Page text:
AVM: Leaving it to nature

I was recently diagnosed with a Grade 2 AVM in my right parietal lobe. I was having symptoms of nausea, urinary incontinence, headaches, lightheadedness, “stroke” like feeling, and memory issues. The MRI showed that there is no hemorrhage and the surgeon recommends surgery. My first doctor felt that my symptoms are unrelated to my AVM since they rarely have symptoms unless they have hemorrhaged and my second doctor says the symptoms do relate to the AVM. I had scheduled a craniotomy, but cancelled it after doing more research on the success rates of treatment vs medical management. I have not found any scientific research that shows surgery on an unruptured AVM will decrease the risk of stroke, neurological symptoms, or death. All of the research shows the complete opposite. Some studies show that chance of neurological symptoms, stroke, or death is 3x that of untreated AVMS. I would love to see scientific evidence that unruptured AVM treatment actually works. If anyone has any evidence (scientific peer-reviewed, published research), please post. I am confused.

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Well, I can’t find you any scientific stuff but I’ll ask TJ in our @ModSupport team if he’ll comment / be able to reference some material and I can vouch for my own situation.

For me, I was getting symptoms from my DAVF (specific type of AVM in the dura mater) like initially I could simply hear the rough flow of blood through my sigmoid sinuses where it was discharging. After about a year of hearing it, it started to make me feel dizzy and a bit odd towards the top of my head: walking or being driven was mildly unpleasant. As it progressed, the dizziness got worse, to the extent that lying normally in bed meant that the room was spinning or tipping, so I ended up propped up on a pile of pillows to lessen the blood pressure when sleeping.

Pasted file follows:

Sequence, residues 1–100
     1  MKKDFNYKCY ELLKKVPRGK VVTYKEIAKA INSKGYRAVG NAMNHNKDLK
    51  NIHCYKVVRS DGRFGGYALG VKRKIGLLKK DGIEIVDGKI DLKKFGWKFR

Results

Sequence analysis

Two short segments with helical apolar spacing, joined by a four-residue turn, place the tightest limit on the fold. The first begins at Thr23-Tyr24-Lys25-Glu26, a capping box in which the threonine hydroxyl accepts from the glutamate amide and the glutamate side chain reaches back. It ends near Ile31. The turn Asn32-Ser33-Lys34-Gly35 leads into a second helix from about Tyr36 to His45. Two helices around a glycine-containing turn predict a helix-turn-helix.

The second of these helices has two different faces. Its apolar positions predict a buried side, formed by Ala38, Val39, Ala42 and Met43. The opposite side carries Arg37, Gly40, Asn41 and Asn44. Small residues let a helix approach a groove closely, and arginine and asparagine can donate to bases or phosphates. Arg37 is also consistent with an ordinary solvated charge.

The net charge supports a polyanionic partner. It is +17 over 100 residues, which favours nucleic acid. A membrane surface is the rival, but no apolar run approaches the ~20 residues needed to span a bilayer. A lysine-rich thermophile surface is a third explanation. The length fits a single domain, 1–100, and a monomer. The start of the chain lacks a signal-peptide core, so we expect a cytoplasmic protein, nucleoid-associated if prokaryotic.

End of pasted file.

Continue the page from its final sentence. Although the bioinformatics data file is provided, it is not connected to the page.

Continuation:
Overall, I felt it was clear that my AVM was developing and I had to wait at least 4 months for an embolization procedure to block up the abnormality. I was very concerned that having to wait that long could lead on to it bursting while I was in the queue or that a much more invasive surgery might be required by the time I reached the front of the queue.

Read around here and get a feeling for us, your real-life peers as to who had symptoms and our success or otherwise in getting fixed with either surgery, embolization or radiotherapy. I don’t want to suggest to you that intervention is important for you (because that is for the doctors to say) or that perhaps abstaining is important for you (and we definitely have some members here who have been advised that intervention is really to be left until things are desperate because the damage done during their surgery is likely to be life changing anyway). It often depends very much on where your AVM is.

I agree with you that deciding on these things is an intensely personal choice: we have to choose danger perhaps one way or the other and the danger one person considers ok isn’t the same as the next person.

I hope this helps.

Very best wishes,

Richard

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Why isn’t there any research to show that the surgery works?

There was a study called ARUBA but I get the impression it was flawed. The trouble is that in order to prove one way or another, you need a controlled study with some people getting treatment and some people getting a placebo (i.e. not getting the treatment but perhaps thinking they did) and that’s just a fantastically unethical thing to do when the outcome you’re looking to prove is that treatment works (and leaving it doesn’t) when the measurable outcome is stroke or death.

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This was my previous attempt at reading the ARUBA study and a rebuttal of it: Thoughts on discontinuing treatment - #17 by DickD